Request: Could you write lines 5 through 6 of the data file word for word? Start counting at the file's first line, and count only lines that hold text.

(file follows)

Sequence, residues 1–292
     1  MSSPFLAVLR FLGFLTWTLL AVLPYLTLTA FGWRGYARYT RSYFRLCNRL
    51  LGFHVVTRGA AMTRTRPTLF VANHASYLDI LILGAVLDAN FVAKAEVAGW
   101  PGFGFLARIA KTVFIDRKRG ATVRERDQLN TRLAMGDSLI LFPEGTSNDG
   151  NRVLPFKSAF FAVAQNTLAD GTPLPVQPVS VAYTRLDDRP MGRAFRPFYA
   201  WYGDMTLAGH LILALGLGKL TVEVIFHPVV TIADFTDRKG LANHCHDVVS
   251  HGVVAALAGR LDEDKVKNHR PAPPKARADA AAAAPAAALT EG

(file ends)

   151  NRVLPFKSAF FAVAQNTLAD GTPLPVQPVS VAYTRLDDRP MGRAFRPFYA
   201  WYGDMTLAGH LILALGLGKL TVEVIFHPVV TIADFTDRKG LANHCHDVVS